Rainfall in any form will provide some drought relief. A good analogy might be how medicine and illness relate to each other. A single dose of medicine can alleviate symptoms of illness, but it usually takes a sustained program of medication to cure an illness. Likewise, a single rainstorm will not break the drought, but it may provide temporary relief.

A light to moderate shower will probably only provide cosmetic relief. It might make folks feel better for awhile, provide cooling, and make the vegetation perk up. During the growing season, most of the rain that falls will be quickly evaporated or used by plants. Its impact is short term.

A thunderstorm will provide some of the same benefits as the shower, but it also may cause loss of life and property if it is severe. Thunderstorms often produce large amounts of precipitation in a very short time, and most of the rain will run off into drainage channels and streams rather than soak into the ground. If the rain happens to fall upstream of a reservoir, much of the runoff will be captured by the reservoir and add to the available water supply. No matter where the rain falls, stream levels will rise quickly and flooding may result. Also, because the rainfall and runoff can be intense, the resulting runoff can carry significant loads of sediment and pollutants that are washed from the land surface.

Soaking rains are the best medicine to alleviate drought. Water that enters the soil recharges groundwater, which in turn sustains vegetation and feeds streams during periods when it is not raining. A single soaking rain will provide lasting relief from drought conditions, but multiple such rains over several months may be required to break a drought and return conditions to within the normal range.

Tropical storm rains are usually of the soaking variety, although they may also be intense such as during a thunderstorm and lead to some of the same problems. Tropical storms often produce more total rainfall than a "regular" soaking rain and can provide longer relief than a single soaking rain. However, tropical rains may also be of such intensity that they exceed the capacity of soil to absorb water and often result in significant runoff and flooding. Tropical rains can help to fill water-supply reservoirs and provide long-term drought insurance. However, the path of a tropical storm is very important in determining its impacts. For example, tropical storms are for the most part a near-coast phenomena whereas water-supply reservoirs may be inland, such as is the case for the Washington, D.C. water supply. If significant rainfall does not occur upstream of reservoirs, the drought relief aspects of tropical storms may be of only little consequence. All things considered, a single tropical storm in the right place, at the right time, and with the right amount of rainfall can break a drought.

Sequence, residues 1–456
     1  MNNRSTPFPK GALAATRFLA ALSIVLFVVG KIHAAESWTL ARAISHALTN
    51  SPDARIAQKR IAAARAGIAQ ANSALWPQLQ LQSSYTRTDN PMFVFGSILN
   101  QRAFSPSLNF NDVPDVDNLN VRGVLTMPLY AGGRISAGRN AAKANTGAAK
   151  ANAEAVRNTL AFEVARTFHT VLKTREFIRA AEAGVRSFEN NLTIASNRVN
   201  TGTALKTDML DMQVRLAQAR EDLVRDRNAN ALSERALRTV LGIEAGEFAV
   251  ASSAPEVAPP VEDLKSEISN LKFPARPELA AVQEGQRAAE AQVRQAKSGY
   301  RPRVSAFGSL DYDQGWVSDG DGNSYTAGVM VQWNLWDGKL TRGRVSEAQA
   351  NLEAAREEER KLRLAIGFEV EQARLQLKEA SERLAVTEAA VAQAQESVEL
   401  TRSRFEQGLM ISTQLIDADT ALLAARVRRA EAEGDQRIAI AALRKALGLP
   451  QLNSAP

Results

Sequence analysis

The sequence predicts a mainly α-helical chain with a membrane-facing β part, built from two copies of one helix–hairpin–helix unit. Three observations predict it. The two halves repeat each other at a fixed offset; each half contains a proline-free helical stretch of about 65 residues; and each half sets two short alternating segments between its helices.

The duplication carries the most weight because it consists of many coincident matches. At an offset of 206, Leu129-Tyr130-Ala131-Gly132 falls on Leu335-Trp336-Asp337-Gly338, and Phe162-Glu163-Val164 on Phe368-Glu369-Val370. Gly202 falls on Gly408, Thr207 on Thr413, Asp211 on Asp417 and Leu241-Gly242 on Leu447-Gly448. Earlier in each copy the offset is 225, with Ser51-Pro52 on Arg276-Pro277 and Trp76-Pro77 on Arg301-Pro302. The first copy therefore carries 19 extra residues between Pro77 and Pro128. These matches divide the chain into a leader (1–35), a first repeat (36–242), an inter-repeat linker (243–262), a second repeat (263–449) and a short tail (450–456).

Considering all of the above, even when a drought has been broken it may not be truly over. The benefits of substantial rainfall such as from a tropical storm may last for months, but a return to normal rainfall patterns and amounts is necessary for conditions in streams, reservoirs, and groundwater to also return to normal.

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What is the Palmer Index?

The Palmer Index (more properly called the Palmer Drought Severity Index) was developed by Wayne Palmer of the U.S. Weather Bureau (now the National Weather Service) in the 1960's and uses temperature and rainfall information in a formula to determine dryness. It has become the semi-official drought index.

The Palmer Index is most effective in determining long term drought--a matter of several months, or longer--and is not as good with short-term forecasts (a matter of weeks). It uses a 0 as normal, and drought is shown in terms of minus numbers; for example, minus 2 is moderate drought, minus 3 is severe drought, and minus 4 is extreme drought.

The Palmer Index can also reflect excess rain using a corresponding level reflected by plus figures; i.e., 0 is normal, plus 2 is moderate rainfall, etc.

The advantage of the Palmer Index is that it is standardized to local climate, so it can be applied to any part of the country to demonstrate relative drought or rainfall conditions. The negative is that it is not as good for short term forecasts, and is not particularly useful in calculating supplies of water locked up in snow, so it works best east of the Continental Divide.

The Crop Moisture Index (CMI) is also a formula that was also developed by Wayne Palmer subsequent to his development of the Palmer Drought Index.